This zesty herb was known to the ancient Greeks and was one of the first commercially processed foods of the 19th century. Of course, no one appreciated horseradish more than the 1930s cartoon character Dagwood Bumstead, the creator of the impossible multi-tiered sandwich of the same name. Today, this herb is one of the few still hand-planted and harvested to the tune of 6 million gallons of prepared sauce each year in the United States alone--enough to spread end-to-end slices of bread that span the globe a dozen times.

Straight from the Horse’s…Hoof?


Horseradish (Armoracia rusticana) is a member of the Brassicaceae family of plants, which is composed of more than 3,000 species, including cabbage, cauliflower, broccoli and wasabi, also known as Japanese horseradish. The plant is native to central Europe, where it was once called “red cole” in England and “sea radish” in Germany. The latter reference may provide linguists with a clue as to how this herb received its current name. First, note that the word “radish,” or “rettich” in German, simply translates to “root.” But, ”meer,” the German word for “sea,” was likely pronounced by the English as “mare,” leading to “mareradish” as the result of combining the two. Somewhere along the way, the English eventually traded “mare” for “horse” and the herb’s modern moniker was born. Then again, another theory exists that horseradish is so-named because it was originally processed by “hoofing.” That is, the roots were macerated under the weight of horses stamping their feet.

Although the English peasantry considered horseradish standard fare served with beef and seafood by the mid-16th century, the gentry took little notice of it as a foodstuff. However, horseradish was acknowledged as a medical plant by this time. For instance, the English physician and naturalist, William Turner, wrote of “red cole” in his “A New Herbal” printed in 1551. More than 40 years later, John Gerard included this culinary tid-bit in his “Generall Historie of Plantes” published in1597: “…the Horse Radish stamped with a little vinegar put thereto, is commonly used among the Germans for sauce to eat fish with and such like meats as we do mustard.” The herb was so favored by the common folk, it seems, that it was commonly grown near inns and coach houses for the purpose of refreshing weary travelers with a stimulating cordial made from the root.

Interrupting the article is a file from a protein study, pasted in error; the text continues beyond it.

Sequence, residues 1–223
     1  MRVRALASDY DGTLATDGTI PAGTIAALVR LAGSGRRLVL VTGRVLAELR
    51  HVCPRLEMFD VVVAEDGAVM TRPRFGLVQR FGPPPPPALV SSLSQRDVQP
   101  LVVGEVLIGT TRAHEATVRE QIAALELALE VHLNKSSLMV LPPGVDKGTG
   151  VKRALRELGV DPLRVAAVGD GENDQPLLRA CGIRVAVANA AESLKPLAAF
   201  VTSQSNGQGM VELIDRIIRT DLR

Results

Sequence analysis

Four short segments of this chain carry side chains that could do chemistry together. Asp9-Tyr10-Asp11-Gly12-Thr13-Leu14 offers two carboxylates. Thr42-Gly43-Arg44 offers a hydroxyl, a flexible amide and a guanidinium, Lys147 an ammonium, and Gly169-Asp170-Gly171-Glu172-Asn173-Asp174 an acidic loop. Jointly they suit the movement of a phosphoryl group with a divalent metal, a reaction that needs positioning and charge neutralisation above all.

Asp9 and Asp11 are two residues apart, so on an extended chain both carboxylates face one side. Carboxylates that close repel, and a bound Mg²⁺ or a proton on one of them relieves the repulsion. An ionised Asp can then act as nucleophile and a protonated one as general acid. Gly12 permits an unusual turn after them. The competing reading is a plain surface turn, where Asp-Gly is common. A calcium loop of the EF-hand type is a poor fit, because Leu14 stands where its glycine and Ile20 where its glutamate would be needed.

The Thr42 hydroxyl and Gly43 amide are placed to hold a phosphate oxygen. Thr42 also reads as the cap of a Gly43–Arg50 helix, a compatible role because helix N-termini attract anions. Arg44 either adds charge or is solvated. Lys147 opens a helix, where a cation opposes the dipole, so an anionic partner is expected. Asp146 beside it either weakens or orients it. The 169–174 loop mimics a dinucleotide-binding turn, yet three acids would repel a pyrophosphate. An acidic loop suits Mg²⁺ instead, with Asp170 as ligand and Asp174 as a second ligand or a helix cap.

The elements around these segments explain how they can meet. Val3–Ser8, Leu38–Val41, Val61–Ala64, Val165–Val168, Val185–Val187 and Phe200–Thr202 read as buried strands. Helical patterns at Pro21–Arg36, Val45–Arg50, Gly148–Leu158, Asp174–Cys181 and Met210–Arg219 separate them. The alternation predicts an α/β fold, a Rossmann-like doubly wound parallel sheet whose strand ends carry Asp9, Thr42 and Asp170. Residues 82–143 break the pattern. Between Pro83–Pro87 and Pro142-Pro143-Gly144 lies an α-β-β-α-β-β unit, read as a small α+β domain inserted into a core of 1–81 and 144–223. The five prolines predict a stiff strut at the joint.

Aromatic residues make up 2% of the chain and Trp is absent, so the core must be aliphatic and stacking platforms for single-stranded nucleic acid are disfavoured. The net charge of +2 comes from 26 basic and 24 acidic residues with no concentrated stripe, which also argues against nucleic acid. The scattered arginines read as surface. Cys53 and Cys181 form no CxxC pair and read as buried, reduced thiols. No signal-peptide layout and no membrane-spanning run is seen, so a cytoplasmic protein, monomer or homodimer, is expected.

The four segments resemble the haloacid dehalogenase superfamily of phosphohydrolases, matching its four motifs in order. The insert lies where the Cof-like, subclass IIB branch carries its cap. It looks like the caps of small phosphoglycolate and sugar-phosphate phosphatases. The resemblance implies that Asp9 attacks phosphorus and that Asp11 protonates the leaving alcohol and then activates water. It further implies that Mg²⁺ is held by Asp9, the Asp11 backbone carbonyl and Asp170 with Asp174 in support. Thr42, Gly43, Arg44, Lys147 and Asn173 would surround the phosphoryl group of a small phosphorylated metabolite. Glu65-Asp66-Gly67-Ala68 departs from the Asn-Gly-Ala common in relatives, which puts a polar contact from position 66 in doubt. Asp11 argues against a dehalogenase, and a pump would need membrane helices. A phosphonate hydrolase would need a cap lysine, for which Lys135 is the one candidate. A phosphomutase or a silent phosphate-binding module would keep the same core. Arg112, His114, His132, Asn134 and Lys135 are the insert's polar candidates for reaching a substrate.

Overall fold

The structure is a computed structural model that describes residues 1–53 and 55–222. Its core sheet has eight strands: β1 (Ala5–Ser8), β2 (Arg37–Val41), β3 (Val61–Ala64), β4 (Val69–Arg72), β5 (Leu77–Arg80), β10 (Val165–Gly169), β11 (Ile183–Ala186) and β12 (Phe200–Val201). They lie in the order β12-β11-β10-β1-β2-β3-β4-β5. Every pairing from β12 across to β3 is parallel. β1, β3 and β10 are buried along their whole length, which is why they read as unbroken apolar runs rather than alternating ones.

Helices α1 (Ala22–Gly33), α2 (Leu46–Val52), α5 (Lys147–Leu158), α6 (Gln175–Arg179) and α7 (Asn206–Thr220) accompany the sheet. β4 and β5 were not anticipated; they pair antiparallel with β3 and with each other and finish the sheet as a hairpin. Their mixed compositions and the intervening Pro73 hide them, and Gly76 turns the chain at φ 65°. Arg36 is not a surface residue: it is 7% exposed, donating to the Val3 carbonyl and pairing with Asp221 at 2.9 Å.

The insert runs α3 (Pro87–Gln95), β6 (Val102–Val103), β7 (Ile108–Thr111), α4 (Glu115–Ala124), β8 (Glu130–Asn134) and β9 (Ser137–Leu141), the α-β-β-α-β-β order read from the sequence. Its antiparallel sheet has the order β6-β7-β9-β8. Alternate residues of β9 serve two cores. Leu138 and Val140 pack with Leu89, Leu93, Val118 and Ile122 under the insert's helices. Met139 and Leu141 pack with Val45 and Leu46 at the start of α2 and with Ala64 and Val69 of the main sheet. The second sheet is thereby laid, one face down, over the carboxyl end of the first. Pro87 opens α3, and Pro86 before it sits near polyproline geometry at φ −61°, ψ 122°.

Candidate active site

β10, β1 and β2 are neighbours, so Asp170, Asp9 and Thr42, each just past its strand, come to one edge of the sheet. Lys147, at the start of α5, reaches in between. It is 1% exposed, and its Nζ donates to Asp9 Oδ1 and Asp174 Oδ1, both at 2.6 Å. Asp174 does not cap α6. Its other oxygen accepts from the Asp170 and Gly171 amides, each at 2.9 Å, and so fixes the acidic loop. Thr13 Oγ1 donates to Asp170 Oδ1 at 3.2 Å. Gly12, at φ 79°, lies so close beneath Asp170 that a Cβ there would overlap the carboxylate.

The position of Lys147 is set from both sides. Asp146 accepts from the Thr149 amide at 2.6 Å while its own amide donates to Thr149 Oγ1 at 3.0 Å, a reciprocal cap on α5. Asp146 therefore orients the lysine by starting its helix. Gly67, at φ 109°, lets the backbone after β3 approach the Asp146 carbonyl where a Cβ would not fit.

Coming to America

Surprisingly, horseradish didn’t appear on American dinner tables until the early 1800s. As European settlers spread their own roots into the New World, the condiment began gaining popularity among the colonists. At first, the cultivation of horseradish took place throughout the northeast. By the mid-1800s, horseradish was naturalized in many northeastern regions, most notably around Boston. Formal cultivation of the plant began in the Midwest in 1850 and by the end of the century it became a booming industry for Illinois and Wisconsin farmers. After World War II came to a close, commercial cultivation spread to California, where it remains a major crop today. However, Collinsville, Illinois, which supplies roughly 60% of the world’s horseradish production, is recognized as the "Horseradish Capital of the World," a designation celebrated each June with the International Horseradish Festival.

Horseradish, Headache & Histochemistry…Oh, My!

Traditionally, horseradish has been used for centuries to treat cough, influenza and other respiratory conditions, as well as gout, rheumatism and disorders of the liver and gallbladder. In Europe, the German Commission E has approved horseradish for the treatment of bronchitis and urinary tract infection.

According to the National Heart, Lung, and Blood Institute, including horseradish and other spicy condiments may help you to slim down. In fact, horseradish ranked high among low-fat foods with satisfying flavor among those recommended for a healthy diet for weight management. And, there’s more than one benefit to consider when spreading horseradish on a sandwich other than flavor; the stuff is high in fiber and packed with punch from a chemical called allyl isothiocyanate. While the latter might not sound very appetizing, it kills E. coli, Listeria and other food-borne pathogens you wouldn’t care to share your lunch with.

Then there’s horseradish peroxidase (HRP) to think about. This enzyme, according to researchers at M.I.T., is powerful enough to remove several types of pollutants from waste water.  Classified as a heme protein, HRP is easily taken up by nerve cells, where it hangs around axons and dendrites and makes cells highly visible. As such, HRP is used in molecular biology to identify antibodies, and in immunohistochemistry to label tissue samples suspected of being cancerous.

If all of the above weren’t enough, horseradish is reputed to saddle a stubborn headache. In fact, mothers, grandmothers and other wise women throughout the southern U.S. swear by smearing smashed horseradish across the forehead to quickly chase a headache away. One caveat: This treatment likely repels family and friends, too.

Although there are no known adverse effects associated with the medicinal application of this herb, it would be prudent to refrain from its use if there is a history of stomach ulcers due to the presence of mustard oils, which can irritate sensitive membranes. Similarly, giving horseradish to young children is not recommended. In addition, compounds in horseradish exert diuretic properties, meaning they increase urination. This indicates that people with kidney disease should not consume large quantities of this herb.

Horseradish Recipes